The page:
Fred Algorithm Update Changes and Concerns

The update has now been around long enough for us to start piecing together the puzzle. The first factor is content. If your site’s rankings are heavily dependent on multiple long-tail keywords and the content that matches those keywords was written before 2014, you may have been affected. Basically, if Fred sees your content as irrelevant, outdated, or too ad-heavy, you may see some rankings drop.

The second factor is low-quality backlinks. If you’ve ever paid for generic or easy to spot “artificial” backlinks, Fred may have just penalized you. Websites with a lot of old content likely also have a lot of old backlinks. Since low backlinks and low quality content often go hand in hand, this correlation makes it difficult to determine which, if not both factors is driving changes in rankings.

Avoiding the Fred Penalty

This isn’t the first algorithm update Google has rolled out to encourage high quality content, and it likely won’t be the last. The best way to avoid and or recover from a Fred penalty is to focus on creating high-quality, in-depth, and authoritative content on your site. If your website has a lot of old content you will want to go back through and optimize these pages to meet their quality standards. Here is a link to Google’s most recent quality guideline: https://static.googleusercontent.com/media/www.google.com/en//insidesearch/howsearchworks/assets/searchqualityevaluatorguidelines.pdf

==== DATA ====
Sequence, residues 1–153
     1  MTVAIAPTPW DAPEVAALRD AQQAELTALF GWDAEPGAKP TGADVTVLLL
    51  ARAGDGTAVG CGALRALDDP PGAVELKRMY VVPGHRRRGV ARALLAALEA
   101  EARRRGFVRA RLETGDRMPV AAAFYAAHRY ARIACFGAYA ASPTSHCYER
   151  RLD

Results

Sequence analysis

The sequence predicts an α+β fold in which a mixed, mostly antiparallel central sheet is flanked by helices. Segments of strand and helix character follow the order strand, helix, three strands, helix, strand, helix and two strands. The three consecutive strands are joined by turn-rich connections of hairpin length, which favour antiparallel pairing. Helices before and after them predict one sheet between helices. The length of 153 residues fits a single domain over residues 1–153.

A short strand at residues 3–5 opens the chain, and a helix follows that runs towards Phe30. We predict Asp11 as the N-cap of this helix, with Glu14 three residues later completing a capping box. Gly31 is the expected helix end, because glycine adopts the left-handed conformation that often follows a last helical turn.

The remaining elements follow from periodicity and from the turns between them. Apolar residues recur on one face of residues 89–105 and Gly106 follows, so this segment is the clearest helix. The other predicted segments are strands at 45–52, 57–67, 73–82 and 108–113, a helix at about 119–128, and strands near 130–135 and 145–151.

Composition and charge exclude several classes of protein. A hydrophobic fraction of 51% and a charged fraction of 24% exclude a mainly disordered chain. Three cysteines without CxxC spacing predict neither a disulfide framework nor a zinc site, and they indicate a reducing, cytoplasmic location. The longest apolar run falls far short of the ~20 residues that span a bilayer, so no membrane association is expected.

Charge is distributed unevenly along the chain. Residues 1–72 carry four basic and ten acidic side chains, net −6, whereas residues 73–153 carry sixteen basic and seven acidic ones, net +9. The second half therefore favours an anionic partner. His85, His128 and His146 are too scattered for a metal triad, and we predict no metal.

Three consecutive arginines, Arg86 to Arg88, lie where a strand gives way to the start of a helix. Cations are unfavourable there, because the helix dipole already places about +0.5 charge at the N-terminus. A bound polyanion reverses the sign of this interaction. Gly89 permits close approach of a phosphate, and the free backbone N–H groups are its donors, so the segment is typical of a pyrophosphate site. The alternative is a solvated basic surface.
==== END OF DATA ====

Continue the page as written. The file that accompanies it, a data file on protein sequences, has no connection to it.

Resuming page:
Also, since Google said this update targeted websites that were not following the webmaster guidelines, you may want to review these as well to ensure you accidently aren’t practicing any black hat or out of date SEO techniques. For the rest of 2017, focus on creating quality content for your website rather than generating large amounts of cheap and quickly written content.

Track Your Traffic with StatCounter

StatCounter offers free website analytics to millions of websites around the world. We also track changes in search engines and keep our members informed with the latest news. If you’d like to start using StatCounter to see how changes like Fred affect your website click here to sign-up.